That’s what a someone on question-and-answer site Quora wanted to know recently, asking: “What are a few unique pieces of career advice that nobody ever mentions?” The community responded with plenty of uncommon, thought-provoking advice.

1. Doing your job well is not enough.

Being excellent at your job is a surefire way to get ahead, right? Nope, say several responders, including Victor Wong, CEO of PaperG. “Most people assume just doing their current assigned job well is enough–so many associates at law firms think doing all the paperwork and litigation properly is the road to partnership, and many PR account executives think that getting a few articles written about their clients will earn them a promotion,” he writes, but “becoming a principal, partner, or senior executive with P&L-level responsibility requires a completely separate set of skills from entry and mid-level jobs.”

How do you make that leap? “To make the big jump to the next level, they’re really being benchmarked on their ability to deliver future value to the firm in ways that are not taught or explained to them: chiefly how much business are they are able to bring in,” he asserts. “People who can think of what to do and deliver are the ones who ultimately are more likely to get promoted to the top levels.”

Another anonymous poster agrees: “You don’t become a star doing your job. You become a star making things happen.”

2. Who you work for is hugely important.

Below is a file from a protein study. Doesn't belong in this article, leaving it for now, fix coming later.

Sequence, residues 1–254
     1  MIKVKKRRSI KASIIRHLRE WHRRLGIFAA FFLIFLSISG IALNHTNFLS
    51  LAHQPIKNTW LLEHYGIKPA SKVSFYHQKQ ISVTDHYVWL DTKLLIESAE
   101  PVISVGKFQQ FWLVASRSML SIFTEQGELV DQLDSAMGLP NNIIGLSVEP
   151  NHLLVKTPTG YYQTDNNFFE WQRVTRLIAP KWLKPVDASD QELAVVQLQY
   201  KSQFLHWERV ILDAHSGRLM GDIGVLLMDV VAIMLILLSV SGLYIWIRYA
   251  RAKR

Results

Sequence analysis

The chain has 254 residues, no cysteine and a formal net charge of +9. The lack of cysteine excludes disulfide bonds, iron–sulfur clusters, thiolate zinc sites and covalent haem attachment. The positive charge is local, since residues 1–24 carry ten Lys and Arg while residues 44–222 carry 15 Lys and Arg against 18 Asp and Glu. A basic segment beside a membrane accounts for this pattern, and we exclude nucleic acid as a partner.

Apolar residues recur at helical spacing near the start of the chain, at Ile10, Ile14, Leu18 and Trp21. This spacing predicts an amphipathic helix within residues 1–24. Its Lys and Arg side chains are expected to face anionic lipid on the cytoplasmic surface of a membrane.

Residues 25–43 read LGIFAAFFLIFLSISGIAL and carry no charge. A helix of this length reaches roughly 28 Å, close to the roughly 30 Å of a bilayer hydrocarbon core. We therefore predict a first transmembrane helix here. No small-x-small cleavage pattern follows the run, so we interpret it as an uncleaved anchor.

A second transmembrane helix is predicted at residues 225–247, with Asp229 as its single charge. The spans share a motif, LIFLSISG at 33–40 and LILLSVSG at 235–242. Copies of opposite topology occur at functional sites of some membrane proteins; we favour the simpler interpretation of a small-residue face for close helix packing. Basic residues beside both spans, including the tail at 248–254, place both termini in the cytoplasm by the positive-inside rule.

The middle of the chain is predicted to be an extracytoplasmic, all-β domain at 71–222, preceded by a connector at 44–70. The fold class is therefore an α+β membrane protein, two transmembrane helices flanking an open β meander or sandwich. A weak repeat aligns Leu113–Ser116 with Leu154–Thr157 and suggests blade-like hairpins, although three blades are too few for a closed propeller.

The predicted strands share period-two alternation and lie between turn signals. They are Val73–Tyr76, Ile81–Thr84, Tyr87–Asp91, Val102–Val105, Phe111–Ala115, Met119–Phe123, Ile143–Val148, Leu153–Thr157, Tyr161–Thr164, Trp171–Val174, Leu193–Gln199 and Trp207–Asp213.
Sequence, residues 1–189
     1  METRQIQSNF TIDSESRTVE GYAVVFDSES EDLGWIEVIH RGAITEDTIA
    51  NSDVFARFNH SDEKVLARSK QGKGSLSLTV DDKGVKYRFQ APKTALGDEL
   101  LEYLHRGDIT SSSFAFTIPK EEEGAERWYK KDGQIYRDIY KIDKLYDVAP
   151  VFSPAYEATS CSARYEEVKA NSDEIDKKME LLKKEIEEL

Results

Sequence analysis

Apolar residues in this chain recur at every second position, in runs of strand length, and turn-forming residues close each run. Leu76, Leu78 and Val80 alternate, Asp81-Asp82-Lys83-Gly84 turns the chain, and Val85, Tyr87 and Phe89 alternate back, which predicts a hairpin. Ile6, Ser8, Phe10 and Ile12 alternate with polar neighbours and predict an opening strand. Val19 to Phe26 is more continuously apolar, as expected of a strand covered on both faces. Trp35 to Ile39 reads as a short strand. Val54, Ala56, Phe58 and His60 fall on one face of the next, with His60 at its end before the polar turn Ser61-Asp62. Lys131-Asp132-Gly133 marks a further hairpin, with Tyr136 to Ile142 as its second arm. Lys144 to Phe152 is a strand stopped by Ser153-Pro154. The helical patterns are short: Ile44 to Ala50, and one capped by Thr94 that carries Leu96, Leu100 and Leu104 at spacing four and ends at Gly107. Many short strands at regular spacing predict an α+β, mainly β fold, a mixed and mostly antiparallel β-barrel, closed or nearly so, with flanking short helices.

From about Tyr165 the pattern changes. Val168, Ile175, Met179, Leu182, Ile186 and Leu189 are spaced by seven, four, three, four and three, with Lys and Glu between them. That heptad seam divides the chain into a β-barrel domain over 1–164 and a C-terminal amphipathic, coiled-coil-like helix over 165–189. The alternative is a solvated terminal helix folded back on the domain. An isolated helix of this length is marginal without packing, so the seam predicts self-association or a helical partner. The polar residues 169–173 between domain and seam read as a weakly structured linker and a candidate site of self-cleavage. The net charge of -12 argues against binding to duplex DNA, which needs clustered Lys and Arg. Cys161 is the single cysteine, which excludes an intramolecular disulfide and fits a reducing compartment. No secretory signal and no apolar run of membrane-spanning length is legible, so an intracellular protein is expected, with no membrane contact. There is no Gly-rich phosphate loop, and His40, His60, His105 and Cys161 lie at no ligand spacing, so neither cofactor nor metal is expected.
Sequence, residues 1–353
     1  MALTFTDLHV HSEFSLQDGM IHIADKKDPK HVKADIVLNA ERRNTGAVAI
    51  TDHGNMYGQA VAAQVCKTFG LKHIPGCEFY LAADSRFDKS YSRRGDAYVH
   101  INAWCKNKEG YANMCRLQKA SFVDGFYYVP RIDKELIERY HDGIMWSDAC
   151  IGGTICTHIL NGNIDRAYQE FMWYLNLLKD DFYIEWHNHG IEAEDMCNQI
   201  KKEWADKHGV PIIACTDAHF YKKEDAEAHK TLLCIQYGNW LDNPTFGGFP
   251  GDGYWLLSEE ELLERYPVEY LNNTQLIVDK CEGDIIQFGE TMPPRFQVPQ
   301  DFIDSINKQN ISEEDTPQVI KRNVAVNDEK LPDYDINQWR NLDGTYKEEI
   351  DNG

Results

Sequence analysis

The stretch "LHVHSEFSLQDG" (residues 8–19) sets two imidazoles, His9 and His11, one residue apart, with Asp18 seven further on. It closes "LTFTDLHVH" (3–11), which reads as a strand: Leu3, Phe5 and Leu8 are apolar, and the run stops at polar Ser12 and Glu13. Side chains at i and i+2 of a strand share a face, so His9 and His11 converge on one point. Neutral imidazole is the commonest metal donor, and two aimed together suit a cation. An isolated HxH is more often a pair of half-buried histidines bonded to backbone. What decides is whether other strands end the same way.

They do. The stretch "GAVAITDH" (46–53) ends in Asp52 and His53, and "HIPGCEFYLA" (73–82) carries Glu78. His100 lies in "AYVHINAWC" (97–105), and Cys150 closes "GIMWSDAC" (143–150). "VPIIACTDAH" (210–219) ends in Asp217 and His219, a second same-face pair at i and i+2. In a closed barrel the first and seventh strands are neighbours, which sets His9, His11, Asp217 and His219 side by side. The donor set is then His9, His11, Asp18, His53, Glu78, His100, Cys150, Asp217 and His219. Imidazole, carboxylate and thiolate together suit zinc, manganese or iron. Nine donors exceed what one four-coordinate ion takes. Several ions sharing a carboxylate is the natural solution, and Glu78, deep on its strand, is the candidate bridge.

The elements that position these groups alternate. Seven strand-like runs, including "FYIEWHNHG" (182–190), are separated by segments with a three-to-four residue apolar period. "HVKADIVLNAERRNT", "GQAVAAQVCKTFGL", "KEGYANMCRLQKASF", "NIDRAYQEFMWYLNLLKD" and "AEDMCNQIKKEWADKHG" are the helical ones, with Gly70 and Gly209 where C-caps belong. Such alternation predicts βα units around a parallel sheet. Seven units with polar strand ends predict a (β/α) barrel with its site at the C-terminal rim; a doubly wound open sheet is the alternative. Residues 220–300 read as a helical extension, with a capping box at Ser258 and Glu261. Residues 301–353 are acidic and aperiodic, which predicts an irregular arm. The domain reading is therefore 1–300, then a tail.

We all wish we lived in a world where who you know matters less than what you can do, but that’s often not reality, and not always for unhealthy reasons. Knowing the best in the business often means you’ve worked with the best, and people rightly admire that.

“You don’t have to be passionate about the product you are selling. You don’t have to be in the most glamorous industry. You don’t have to work for the company with the best ‘brand’ identity or reputation in your chosen field,” insists Jeremy Boudinet, director of marketing for startup Ambition. What does matter is who you’ve worked with.

“Few things are as valuable as going and working for somebody that is going to want to teach you anything and everything they know. You’ll experience tremendous personal and professional growth if you have the best person mentoring you,” he says, so “figure out where the absolute best person to work for would be, and go work for them.”

3. … So is where you work.

Just like who you work for can deeply affect the fate of your career, where you work also has a massive impact. Just saying, ‘I want to work in software or sales,’ isn’t enough. Nor, as Boudinet point out, is it enough just to fill your resume with impressive company names. Your destiny is influenced greatly by the destiny of the particular organization that employs you. Don’t take a job with just any old company because it’s in the right sector or impresses your friends.

“Your career is a boat and it is at the mercy of tides. No matter how talented you are it’s a lot harder to break out in a sluggish situation/hierarchy/economy than a go-go environment. Even if you’re a superstar at Sluggish Co., your upside trajectory (more often than not) is fractional to what an average/below average employee achieves at Rocket Ship Co,” says an anonymous poster with the most up-voted answer.

4. Being seen as super busy isn’t always a good thing.